THE BLOG
07/09/2014 10:13 am ET Updated Oct 14, 2014

From a Mother's Diagnosis to a Mother's Mission

At just 22-years-old, Maria learned that she was going to be a mother for the first time.

Living in Panama without a husband or a college degree, the news brought a flood of joy and worry. And while the baby was already a big surprise, Maria had no idea that just a few months later she would be given the most difficult news of her life.

Maria was anxious to meet her child. Throughout her pregnancy, she attended all the prenatal checkups, and, according to the doctors, everything was normal. But when Maria finally welcomed her baby into the world, she was only able to enjoy a few hours of happiness, congratulations and presents before the doctors broke the news: both she and her son were HIV-positive.

At the time, HIV was the scariest disease imaginable. Hearing her diagnosis was devastating, but finding out that her son was also positive made it even more difficult. Treatment was limited in Panama, and it seemed that HIV was a death sentence.

Fifteen years have passed since the diagnosis. Despite her shock, Maria’s leaned on her maternal instinct, finding the strength to fight for her own life and her son’s. Despite the enormous challenge, Maria and her son are still alive, overcoming obstacles they faced and thriving both individually and as a family.

Maria turned her own diagnosis and her son’s into her life’s mission. She now works to support HIV-positive women and prevent vertical transmission of HIV to newborn babies. With all the information, technology, and access to medicine that is available today, no child should be born with HIV.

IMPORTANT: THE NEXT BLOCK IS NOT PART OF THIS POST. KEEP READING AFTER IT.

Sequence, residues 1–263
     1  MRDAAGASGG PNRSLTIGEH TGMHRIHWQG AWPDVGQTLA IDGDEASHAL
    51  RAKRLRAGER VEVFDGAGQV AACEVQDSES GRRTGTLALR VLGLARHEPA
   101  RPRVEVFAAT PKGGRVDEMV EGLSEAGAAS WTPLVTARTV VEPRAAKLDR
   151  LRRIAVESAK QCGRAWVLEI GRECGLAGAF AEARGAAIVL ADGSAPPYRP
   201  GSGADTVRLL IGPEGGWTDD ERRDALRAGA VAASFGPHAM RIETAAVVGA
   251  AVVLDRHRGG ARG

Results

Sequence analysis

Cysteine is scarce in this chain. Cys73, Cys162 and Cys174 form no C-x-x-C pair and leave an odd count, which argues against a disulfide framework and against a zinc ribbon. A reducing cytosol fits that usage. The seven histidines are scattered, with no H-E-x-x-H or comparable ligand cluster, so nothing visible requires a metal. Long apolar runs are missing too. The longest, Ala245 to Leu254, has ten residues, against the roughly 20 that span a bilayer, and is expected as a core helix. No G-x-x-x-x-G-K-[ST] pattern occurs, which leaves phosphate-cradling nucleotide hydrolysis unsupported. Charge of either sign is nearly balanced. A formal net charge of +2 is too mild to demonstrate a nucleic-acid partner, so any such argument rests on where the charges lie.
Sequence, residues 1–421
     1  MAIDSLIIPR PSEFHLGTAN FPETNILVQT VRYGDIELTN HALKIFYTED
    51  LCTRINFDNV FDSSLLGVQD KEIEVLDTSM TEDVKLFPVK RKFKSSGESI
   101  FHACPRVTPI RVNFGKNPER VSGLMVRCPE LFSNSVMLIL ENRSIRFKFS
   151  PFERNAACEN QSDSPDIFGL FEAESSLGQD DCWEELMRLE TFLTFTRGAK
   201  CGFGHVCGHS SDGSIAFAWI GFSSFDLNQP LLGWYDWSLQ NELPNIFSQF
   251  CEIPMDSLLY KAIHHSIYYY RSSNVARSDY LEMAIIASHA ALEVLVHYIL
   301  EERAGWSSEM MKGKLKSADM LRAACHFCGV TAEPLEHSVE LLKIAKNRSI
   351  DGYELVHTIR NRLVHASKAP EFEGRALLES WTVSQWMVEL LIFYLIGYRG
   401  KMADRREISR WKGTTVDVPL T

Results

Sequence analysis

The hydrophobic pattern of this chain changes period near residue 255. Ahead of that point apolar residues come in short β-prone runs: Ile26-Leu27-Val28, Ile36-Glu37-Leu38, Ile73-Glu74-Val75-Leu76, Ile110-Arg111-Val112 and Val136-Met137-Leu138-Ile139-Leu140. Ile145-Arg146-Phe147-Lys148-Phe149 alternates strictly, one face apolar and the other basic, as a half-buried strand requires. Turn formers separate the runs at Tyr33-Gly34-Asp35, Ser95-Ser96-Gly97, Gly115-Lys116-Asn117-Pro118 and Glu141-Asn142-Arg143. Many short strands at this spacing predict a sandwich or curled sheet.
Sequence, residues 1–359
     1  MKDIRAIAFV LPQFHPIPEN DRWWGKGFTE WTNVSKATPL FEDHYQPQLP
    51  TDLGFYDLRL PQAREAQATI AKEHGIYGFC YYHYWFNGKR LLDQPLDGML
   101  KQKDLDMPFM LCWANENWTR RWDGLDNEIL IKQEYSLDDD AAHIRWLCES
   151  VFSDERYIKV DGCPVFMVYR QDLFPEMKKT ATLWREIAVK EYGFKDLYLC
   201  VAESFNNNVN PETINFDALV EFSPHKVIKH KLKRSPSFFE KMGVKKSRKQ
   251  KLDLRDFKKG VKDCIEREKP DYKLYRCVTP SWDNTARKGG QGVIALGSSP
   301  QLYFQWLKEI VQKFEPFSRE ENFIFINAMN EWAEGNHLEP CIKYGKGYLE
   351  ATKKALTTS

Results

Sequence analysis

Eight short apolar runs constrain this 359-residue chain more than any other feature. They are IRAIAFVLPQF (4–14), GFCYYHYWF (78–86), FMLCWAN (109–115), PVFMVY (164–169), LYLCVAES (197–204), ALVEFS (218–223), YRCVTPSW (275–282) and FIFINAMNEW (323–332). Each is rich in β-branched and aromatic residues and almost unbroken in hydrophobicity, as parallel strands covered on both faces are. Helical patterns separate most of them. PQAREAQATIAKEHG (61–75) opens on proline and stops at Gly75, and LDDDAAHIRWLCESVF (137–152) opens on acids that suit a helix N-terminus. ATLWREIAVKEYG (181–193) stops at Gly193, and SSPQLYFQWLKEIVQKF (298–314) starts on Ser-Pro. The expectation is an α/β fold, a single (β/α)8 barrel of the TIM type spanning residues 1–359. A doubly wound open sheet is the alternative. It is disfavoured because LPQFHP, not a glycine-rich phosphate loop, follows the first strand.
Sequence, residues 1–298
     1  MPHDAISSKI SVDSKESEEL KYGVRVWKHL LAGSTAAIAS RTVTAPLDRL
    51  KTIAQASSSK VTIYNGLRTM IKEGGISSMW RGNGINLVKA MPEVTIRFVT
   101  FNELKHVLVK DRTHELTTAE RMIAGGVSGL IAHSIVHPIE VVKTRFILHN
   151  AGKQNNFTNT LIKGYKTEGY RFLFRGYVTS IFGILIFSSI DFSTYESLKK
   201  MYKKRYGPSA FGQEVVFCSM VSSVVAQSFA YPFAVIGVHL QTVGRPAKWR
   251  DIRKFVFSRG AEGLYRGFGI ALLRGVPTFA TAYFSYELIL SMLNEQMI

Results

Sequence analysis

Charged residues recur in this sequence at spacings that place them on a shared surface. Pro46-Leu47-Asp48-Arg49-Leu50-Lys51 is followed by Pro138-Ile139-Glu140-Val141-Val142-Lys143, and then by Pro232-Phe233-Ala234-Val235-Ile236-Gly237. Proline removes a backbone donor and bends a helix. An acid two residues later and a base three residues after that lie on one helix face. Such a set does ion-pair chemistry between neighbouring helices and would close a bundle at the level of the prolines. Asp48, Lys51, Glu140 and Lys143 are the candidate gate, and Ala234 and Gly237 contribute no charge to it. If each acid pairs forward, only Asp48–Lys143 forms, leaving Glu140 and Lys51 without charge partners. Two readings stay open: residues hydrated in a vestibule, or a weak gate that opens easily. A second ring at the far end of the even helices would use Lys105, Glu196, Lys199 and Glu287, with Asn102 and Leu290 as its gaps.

With Fundación PROBIDSIDA (Foundation for the Welfare and Dignity of Persons Affected by HIV) Maria participates in the daily fight to make sure that babies at risk for infection are born HIV-negative. This initiative was named “Your Best Proof of Love”, reflecting how an expectant mother’s proof of love is taking the HIV test and protecting her baby. PROBIDSIDA is working to ensure that pregnant women know their status, and ultimately help eradicate vertical transmission altogether.

Since 2005, “Your Best Proof of Love” has used a wide-reaching campaign to encourage all pregnant women to get tested in order to reduce the incidence of vertical transmission. The initiative has received support from Johnson & Johnson, the Office of the First Lady of the Republic of Panama, and the Office of the Mayor of Panama City who have joined as active and long-term allies.

Progress has been made, but bringing long-term change is challenging. In 2005, HIV tests became mandatory by law for all pregnant women in Panama. With changes like this, Panama hopes to achieve the United Nations’ Millennium Development Goal of having zero children born with HIV by 2015, an important commitment to future generations.

The progress is encouraging. According to Panama’s Ministry of Health, statistics in 2000 indicated that 48% of HIV-positive mothers in Panama passed the virus to their children. In 2010 that number has been reduced to just 5% thanks to the strict implementation of prenatal checkups and testing. These statistics from Panama’s Ministry of Health National HIV Program show just how important it is to continue the fight against vertical transmission.

The best proof of Maria’s love for her son is in honoring his struggles by working to ensure that no other child has to face the same obstacles. Until her mission is complete, she will continue to dedicate her life’s work to helping every innocent child begin their life in the healthiest, happiest way possible.

Editor's Note: Johnson & Johnson is a sponsor of The Huffington Post's Global Motherhood section.

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